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National Alliance on Mental Illness

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This story was produced as a project for the 2018 California Fellowship, a program of the Center for Health Journalism at USC Annenberg.  
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For Florida patients with no insurance or ability to pay, there are few options for mental health treatment, unless they are a danger to themselves and institutionalized.
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Have efforts to lower stigma around mental illness overlooked Latino communities? Here's how one reporter tackled the topic and some of the lessons she learned along the way.
Picture of Kellie  Schmitt

The Affordable Care Act has spurred new conversations about how to best deliver mental health benefits. Ideas range from incorporating more mental health services into primary care visits to the use of avatar systems to help schizophrenics control hallucinations.

Picture of Kellie  Schmitt

For one mental health counselor in Washington state, Obamacare has improved mental health care for many of her clients. With some providers seeing an uptick in newly insured clients, more adults and children are getting long-needed care.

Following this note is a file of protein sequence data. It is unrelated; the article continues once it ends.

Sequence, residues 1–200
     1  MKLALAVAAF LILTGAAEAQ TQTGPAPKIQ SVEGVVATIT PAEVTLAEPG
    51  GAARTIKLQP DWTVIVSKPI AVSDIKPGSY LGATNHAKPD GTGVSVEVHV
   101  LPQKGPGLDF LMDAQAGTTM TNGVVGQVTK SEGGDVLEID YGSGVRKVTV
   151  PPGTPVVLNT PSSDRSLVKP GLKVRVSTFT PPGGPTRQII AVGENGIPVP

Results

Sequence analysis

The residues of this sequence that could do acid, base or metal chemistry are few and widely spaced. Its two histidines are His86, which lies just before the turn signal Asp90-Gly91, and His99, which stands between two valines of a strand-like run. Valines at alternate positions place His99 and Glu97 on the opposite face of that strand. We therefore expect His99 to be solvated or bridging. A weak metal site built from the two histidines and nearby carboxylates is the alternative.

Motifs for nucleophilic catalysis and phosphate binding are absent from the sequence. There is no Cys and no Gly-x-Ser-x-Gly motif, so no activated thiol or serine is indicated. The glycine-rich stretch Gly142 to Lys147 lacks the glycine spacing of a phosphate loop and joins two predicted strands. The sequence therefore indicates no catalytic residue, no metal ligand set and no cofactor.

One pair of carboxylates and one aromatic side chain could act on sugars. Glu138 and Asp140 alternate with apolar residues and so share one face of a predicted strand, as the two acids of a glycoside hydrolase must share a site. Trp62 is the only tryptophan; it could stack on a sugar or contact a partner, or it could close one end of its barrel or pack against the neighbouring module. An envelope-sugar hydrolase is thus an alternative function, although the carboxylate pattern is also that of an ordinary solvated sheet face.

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A California law designed to help people who have serious mental illness and refuse treatment has only been fully implemented in rural Nevada County, north of Sacramento. San Diego County is considering implementation of what's also know as Assisted Outpatient Treatment as an option.

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Reporting on the mentally ill can be challenging. Even harder might be taking their pictures.

Announcements

The USC Center for Health Journalism at the Annenberg School for Communication and Journalism is seeking two Engagement Editors to serve as thought leaders in one of the most innovative and rewarding arenas in journalism today – “engaged reporting” that puts the community at the center of the reporting process. Learn more about the positions and apply to join our team.

Let us support your next ambitious health reporting project through our National Fellowship program. Apply today.

Nowhere was the massive COVID wave of winter 2021 more devastating than in America’s nursing homes, where 71,000 residents died in the surge. In this webinar, we’ll hear from the lead reporter in the USA Today series "Dying for Care," who will show how an original data analysis and an exhaustive reporting effort revealed a pattern of unnecessary deaths that compounded the pandemic’s brutal toll. Sign-up here!

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